In March 2021, the National Centre for the Visual Arts launched the restoration campaign of Le Cyclop. The site had closed its doors in October 2020 to make way for the vast restoration project that would last a little over one year.
The topographic situation of Le Cyclop and the climatic conditions it faces over the seasons make its conservation particularly complex. The objective was to restore the integrity of Le Cyclop, with the support of the artists or their heirs. The delicate restoration project involved three specialized companies: the architectural firm GFTK, the engineering firm Phung Consulting, and Ecovi, in charge of construction. Throughout the duration of the project, an ensemble of some twenty art restorers, specializing in glass, metal, ceramics, textiles, plaster, and contemporary materials brought their expertise to the site, and in their workshops successfully restored the various components of Le Cyclop.
La Face aux miroirs (The Face of Mirrors) posed a significant challenge when it came to its restoration. Covered in mirrors by Niki de Saint Phalle in 1987, this work measuring over almost 325 square metres, began to deteriorate in 1996 due to the alteration of the mirrors’ silvering, but also because of the growth of micro-organisms that caused the mirrors to detach. In 2002, the first consolidation tests were carried out, and in 2006, other alterations were carried out, before the establishment of a contract in 2008 to set up a hands-on learning project in collaboration with the Institut national du patrimoine (National Heritage Board). This intervention made it possible to establish the history of the work, a condition report, and a diagnosis, including recommendations for its sustainable restoration. This preliminary document was especially informative but the condition of the sculpture continued to deteriorate and became dangerous for visitors.
A net was put over the structure in January 2012. A report on the sanitary condition of the work was then commissioned and submitted by the Historical Monuments Research Laboratory in 2014, after which the Cnap agreed on an intervention with the beneficiaries of Jean Tinguely and Niki de Saint Phalle. This intervention was to consist of a major restoration campaign, which would include replacing all of the 55,000 mirrors on the front of the sculpture. The operation was carried out with the utmost respect for the original layout, supervised at the time by Niki de Saint Phalle, including cutting mirrors without right angles, and modulating the size of the fragments to suit the shape of the face. In order for the mirrors to match the initial composition in every way, a latex printing process was devised for each section, then allowing a transfer by stamping on paper to create templates for the cutting of the mirrors. The new mirrors restored the work’s original brilliance, while respecting the original intention of the artist: the aim was to camouflage the head by having it reflect the surrounding environment. In 2013, the restoration of La Face aux Miroirs benefited from the financial support of a number of companies: 3DO Reality Capture, which carried out the 3D survey of La Tête (The Head), and Saint-Gobain, which provided the 628 square metresof solar mirrors required for the project, and the sealant manufactured by Saint-Gobain’s Weber subsidiary to glue the mirrors. Clairefontaine provided the paper for the creation of the templates.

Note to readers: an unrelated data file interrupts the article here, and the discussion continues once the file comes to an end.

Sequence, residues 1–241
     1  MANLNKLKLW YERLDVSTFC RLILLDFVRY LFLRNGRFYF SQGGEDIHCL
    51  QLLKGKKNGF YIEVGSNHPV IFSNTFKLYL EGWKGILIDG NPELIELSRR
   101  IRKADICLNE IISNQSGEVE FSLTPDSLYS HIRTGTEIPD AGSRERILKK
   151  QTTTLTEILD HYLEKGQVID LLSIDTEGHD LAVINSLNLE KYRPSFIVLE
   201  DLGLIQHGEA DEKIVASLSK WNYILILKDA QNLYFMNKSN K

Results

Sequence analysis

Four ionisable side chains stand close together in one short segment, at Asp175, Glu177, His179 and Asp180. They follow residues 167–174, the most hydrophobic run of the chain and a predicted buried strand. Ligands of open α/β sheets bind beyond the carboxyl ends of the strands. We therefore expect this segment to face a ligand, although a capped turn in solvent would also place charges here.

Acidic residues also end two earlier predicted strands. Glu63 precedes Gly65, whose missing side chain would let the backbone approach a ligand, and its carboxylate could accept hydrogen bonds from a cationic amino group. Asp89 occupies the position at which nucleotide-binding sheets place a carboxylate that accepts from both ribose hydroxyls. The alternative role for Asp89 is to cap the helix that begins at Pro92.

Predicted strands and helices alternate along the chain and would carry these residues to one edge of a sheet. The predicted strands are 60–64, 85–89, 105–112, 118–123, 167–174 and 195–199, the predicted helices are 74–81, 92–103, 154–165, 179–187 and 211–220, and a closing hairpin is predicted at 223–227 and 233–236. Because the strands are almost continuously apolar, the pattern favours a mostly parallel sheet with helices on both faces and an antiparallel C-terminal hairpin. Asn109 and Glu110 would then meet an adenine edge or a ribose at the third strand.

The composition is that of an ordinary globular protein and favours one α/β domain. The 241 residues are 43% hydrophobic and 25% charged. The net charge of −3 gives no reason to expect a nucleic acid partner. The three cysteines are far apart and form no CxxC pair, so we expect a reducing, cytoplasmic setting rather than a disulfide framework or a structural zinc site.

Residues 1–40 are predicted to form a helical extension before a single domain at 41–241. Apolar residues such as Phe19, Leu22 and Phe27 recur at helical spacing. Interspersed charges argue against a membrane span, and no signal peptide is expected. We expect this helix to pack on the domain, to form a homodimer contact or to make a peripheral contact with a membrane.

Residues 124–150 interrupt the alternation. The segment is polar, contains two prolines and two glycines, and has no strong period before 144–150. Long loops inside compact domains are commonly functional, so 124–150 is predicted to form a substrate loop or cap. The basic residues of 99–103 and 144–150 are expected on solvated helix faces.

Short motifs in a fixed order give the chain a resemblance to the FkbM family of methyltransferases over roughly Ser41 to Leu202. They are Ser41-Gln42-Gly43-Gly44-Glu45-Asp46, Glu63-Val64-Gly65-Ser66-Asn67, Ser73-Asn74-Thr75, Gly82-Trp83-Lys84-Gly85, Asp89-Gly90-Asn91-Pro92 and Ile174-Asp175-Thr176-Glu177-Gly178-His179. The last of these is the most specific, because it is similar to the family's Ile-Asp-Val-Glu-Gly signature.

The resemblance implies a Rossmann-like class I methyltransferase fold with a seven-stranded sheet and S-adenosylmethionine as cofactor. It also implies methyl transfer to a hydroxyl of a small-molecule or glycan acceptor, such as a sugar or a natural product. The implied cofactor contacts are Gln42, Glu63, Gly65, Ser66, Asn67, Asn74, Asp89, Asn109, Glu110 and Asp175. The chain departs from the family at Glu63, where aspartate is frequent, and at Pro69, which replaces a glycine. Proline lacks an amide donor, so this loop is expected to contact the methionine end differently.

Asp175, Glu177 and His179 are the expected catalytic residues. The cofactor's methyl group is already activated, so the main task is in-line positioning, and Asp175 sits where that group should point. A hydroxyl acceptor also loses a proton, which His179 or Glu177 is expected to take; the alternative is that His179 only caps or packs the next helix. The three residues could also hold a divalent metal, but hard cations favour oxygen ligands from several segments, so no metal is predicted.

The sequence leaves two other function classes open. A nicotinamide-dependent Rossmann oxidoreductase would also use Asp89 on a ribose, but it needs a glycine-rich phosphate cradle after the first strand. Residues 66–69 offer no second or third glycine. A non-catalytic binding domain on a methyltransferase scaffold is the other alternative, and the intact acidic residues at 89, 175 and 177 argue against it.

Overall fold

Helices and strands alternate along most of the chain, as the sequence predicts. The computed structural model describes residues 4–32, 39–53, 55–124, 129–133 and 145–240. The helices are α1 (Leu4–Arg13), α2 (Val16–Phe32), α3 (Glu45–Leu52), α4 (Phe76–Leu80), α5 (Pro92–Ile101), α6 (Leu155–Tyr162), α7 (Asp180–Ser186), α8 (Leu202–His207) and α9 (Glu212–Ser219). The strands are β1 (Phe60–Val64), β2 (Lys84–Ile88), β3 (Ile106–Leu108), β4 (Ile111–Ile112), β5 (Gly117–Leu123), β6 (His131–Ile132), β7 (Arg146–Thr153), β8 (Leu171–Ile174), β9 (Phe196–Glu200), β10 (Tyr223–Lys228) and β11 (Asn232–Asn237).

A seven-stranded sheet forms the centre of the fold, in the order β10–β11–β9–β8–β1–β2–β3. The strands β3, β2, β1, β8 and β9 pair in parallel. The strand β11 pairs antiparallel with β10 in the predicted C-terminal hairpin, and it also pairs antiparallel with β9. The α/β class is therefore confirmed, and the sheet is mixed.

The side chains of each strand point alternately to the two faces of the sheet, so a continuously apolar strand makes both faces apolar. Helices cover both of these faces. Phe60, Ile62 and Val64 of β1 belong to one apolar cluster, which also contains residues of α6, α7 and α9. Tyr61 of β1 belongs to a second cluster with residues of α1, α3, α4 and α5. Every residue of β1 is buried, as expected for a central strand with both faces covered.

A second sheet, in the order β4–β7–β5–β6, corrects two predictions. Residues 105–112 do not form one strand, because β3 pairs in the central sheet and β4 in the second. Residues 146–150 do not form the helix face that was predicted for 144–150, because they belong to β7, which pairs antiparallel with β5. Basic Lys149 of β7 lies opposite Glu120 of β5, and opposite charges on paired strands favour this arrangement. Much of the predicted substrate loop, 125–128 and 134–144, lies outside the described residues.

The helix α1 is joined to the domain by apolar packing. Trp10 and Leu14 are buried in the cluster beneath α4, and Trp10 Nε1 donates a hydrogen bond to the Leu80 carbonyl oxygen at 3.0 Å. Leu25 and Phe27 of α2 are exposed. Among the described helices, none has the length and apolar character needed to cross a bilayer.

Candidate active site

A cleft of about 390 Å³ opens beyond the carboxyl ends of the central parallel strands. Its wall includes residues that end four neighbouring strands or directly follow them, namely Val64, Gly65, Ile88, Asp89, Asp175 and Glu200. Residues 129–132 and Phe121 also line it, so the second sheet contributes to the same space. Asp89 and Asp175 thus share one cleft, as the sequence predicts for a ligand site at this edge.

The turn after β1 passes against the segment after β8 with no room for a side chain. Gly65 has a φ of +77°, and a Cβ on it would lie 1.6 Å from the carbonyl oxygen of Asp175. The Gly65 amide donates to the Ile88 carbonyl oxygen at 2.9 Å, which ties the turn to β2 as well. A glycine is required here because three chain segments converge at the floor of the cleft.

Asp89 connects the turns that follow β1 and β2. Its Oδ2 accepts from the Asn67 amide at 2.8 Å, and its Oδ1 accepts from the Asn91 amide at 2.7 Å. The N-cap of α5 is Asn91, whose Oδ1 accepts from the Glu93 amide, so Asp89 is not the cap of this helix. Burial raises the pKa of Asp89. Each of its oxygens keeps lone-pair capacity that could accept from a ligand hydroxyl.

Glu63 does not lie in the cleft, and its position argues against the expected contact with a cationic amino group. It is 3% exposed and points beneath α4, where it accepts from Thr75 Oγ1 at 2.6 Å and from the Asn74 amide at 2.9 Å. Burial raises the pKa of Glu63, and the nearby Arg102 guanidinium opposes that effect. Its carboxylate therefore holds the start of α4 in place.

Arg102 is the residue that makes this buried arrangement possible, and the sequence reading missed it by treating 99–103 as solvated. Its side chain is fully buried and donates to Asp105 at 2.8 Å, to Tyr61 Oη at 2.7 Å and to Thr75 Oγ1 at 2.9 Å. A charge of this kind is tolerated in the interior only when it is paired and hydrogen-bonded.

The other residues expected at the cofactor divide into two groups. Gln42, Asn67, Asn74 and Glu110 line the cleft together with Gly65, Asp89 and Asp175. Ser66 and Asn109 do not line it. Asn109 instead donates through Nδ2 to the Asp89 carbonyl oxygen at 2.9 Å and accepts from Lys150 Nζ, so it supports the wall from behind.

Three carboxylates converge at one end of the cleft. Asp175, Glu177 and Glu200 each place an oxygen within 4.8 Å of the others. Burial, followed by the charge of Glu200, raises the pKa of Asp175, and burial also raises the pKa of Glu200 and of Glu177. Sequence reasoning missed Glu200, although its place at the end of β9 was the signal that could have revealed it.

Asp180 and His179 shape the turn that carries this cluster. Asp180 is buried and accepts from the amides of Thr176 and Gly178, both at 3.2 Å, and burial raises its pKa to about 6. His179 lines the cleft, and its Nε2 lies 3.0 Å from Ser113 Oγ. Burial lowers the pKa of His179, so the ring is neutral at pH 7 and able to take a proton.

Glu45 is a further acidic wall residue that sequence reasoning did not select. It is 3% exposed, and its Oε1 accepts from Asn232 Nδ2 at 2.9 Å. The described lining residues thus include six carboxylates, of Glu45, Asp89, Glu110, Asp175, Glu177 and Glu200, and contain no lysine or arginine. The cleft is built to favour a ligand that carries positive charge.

The other major operation involved the restoration of L'Hommage aux déportés (Homage to Deportees) by Eva Aeppli. Evoking the horrors of the Holocaust, the work consists of a 1930s French rail wagon suspended on a platform over 13 metres in height, inside of which are 15 figures in white silk and brown velvet. Very degraded, the wagon of Eva Aeppli’s piece was entirely restored after the treatment of the damaged wooden slats. Thermal insulation and the replacement of the air conditioning inside the wagon have made it possible to maintain the sculptures in a stable climate, thereby ensuring their proper conservation.
The restoration project also affordedthe opportunity to improve the watertightness of the basin of Jean Tinguely’s Hommage à Yves Klein, to restore and clean part of the artworks inside Le Cyclop, from La Colonne by Niki de Saint Phalle to La Méta-Harmonie, as well as La Jauge by Jean-Pierre Raynaud, Le Pénétrable sonore by Jesús Rafaël Soto, l’Hommage à Mai 68 by Larry Rivers, Le Tableau électrique by Rico Weber, and the Piccolo museo by Giovanni Battista Podestà.
Le Cnap retrace la restauration de cette œuvre colossale à travers un film documentaire.
En suivant le processus de restauration du Cyclop de Jean Tinguely, le documentaire produit par le Centre national des arts plastiques (Cnap) retrace l’aventure d’un chantier exceptionnel, à l’image de ce monstre mythologique caché dans les bois de Milly-la-Forêt, et dont la tête peut de nouveau se camoufler en réfléchissant son propre environnement.
Un film documentaire produit par le Centre national des arts plastiques (France, 2022, 10’)
Réalisation : Jean-Nicolas Schoeser (Trystero)
Images : Jean-Nicolas Schoeser (Trystero), Grimaud Bouveret et Patricia Lecomte
Voix : Gaëlle Savary
Direction : Béatrice Salmon, directrice du Centre national des arts plastiques
Responsable éditorial et conception : Sandrine Vallée-Potelle, cheffe du service de la communication, de l’information et des ressources professionnelles
Coordination et rédaction : Alexandre Clouzot et Nina Gangloff, chargés de communication au service de la communication, de l’information et des ressources professionnelles
Avec la participation de Philippe de Viviés, conservateur-restaurateur du patrimoine, co-gérant d’A-CORROS
Crédit musique : Brylie Christopher Oxley – Remnants of Effervescence